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Old Town’s Carefull Knitters Use the Magic of Yarn and Creativity to Meet Community Needs

By Susan McLain Sullivan

Alexandria, VA – Have you ever watched somebody snuggle into a hand-knitted Afghan blanket or shawl? Or, maybe you’ve seen the tiny heads of newborns crowned in cozy, knitted caps? You are witnessing the magic of yarn.

The gifted items frequently rouse a sigh of pleasure—even some giggles or a smile—from the feel of soft items. The careful hands of Alexandria’s knitters and crocheters are to be credited with both the magic of yarn creations and the creative skills to meet the growing needs of worthy organizations. Throughout the city’s libraries’ meeting rooms—day, night, and on weekends—numerous individuals gather in knitting and crocheting groups to produce tangible, practical outreach to others. At the same time, these talented people gain a bit of relaxation and mental stimulation with each knit and purl.

Just a little over five years ago, a group of community-minded Alexandrians decided to put their creative skills into Carefull Knitting (occasionally Carefull— the italics to emphasize the level of care) to produce useful and welcome items for various groups in the community.

(Photo: Rita Mattia)

Megan Zimmerman, Adult Services librarian of the Kate Waller Barrett Branch of the Alexandria Library System, said some Careful Knitters who meet at her branch today were the group’s founding members, but it has grown larger and more active over time.

“Carefull Knitting began five years ago in March of 2018. The idea was born from a stand-alone knitting event at the Kate Waller Barrett Branch Library,” Zimmerman said. “A participant commented that it would be nice if the items being made were going toward some purpose. I decided to see if others in the community would be interested in knitting and crocheting items that would be donated. It turns out that they were.”

The group, which averages about a dozen attendees at each meeting, has made blankets for people experiencing homelessness, nests for injured animals, hats and scarves for Beatley Central Library’s Yarn Storm, shawls for homebound Alexandrians, and much more.

“When Carefull Knitting first began, we contributed knit and crochet poppies for the WWI Poppy Centennial art project that the Office of Historic Alexandria collected,” she noted. Since then, numerous events and recipients have benefitted from the group’s hands.

(Photo: John David Coppola/JohnDC Photography)

In October, Carefull Knitters donated more than 100 knitted and crocheted items to The Fisher House in Fort Belvoir. The Fisher House is a respite for military families, a safe place to stay together during a medical crisis or treatment. It was the group’s first donation to The Fisher House and was enthusiastically received. The group’s knitted and crocheted items will be distributed throughout the year as comfort gifts to Fisher House guests.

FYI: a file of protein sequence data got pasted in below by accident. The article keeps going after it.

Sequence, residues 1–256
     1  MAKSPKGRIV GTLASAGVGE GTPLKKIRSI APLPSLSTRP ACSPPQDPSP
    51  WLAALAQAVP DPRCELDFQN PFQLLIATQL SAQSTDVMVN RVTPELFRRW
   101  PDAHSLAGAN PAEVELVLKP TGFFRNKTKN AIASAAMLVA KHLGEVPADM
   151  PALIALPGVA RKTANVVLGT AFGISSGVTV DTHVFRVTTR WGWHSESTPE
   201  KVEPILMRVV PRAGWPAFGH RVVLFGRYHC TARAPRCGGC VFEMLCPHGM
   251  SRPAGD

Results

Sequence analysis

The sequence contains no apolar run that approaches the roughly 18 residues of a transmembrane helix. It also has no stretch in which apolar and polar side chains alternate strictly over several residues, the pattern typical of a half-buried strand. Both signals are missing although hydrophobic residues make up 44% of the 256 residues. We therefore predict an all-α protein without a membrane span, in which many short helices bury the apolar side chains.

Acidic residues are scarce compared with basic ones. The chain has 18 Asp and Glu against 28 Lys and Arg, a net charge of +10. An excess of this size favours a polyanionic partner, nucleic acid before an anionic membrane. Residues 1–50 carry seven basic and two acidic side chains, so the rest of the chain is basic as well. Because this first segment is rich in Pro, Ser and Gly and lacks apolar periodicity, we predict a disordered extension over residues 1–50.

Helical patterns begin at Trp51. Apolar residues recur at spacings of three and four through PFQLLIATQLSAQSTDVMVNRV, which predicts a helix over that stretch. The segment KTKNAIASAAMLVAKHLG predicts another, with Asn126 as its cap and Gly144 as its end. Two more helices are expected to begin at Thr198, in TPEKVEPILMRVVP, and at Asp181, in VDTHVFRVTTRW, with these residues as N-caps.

“The plan is to keep this an ongoing relationship,” Zimmerman said. “At the moment, we hope to gear projects for The Fisher House to line up with holidays that celebrate Veterans, but we will see what needs arise as the relationship develops.”

(Photo: John David Coppola/JohnDC Photography)

At the regular meeting on Thursday, February 1, the group hosted Tania Brandt from the domestic violence program in the City of Alexandria. They presented some 50 custom gift bags filled with kind notes and hand-made treasures and even some sweet treats to be distributed to clients of a domestic violence safe house.

Carefull Knitting meetings, on the first and third Thursdays of the month, are arranged by a staff member of Alexandria Library, who generates the events and keeps members and new attendees up to date on what is happening. There are no officers. Among the enthusiastic group members is Rita Mattia, who is “a leading force for the momentum of the group, creating the projects, keeping them on track, and arranging for yarn donations,” Zimmerman said.

(Photo: John David Coppola/JohnDC Photography)
(Photo: John David Coppola/JohnDC Photography)

While all members have the opportunity to reach out to organizations to partner with and share ideas, Mattia has become a key member in this regard. Mattia admits she spends a fair amount of time doing outreach on social media.

“Some members—I am one—look for good deals on FB Marketplace and ‘big sales’ online or buy yarn themselves to use for our projects or dig into their personal “stash,” Mattia said, adding that “all knitters and crocheters are hoarders to some extent—heck, most crafters of any sort are.” Occasionally, donations find their way to the knitters and crocheters, and new projects blossom.

“From time to time, donations ‘magically’ appear,” Mattia added. “This happened recently when an individual donated hundreds of skeins of new yarn to us just because she liked what she read about our mission on the library event list.”

Besides having an ongoing opportunity to use her knitting talents, Mattia, whose career was in advertising and marketing, makes the case that knitting energizes her mental health and fulfills a need to help others in the community. “Not only is it relaxing, it’s simultaneously productive,” she added.

“I believe most members would tell you that the warmth and friendliness of this particular group keeps us coming back week after week.”

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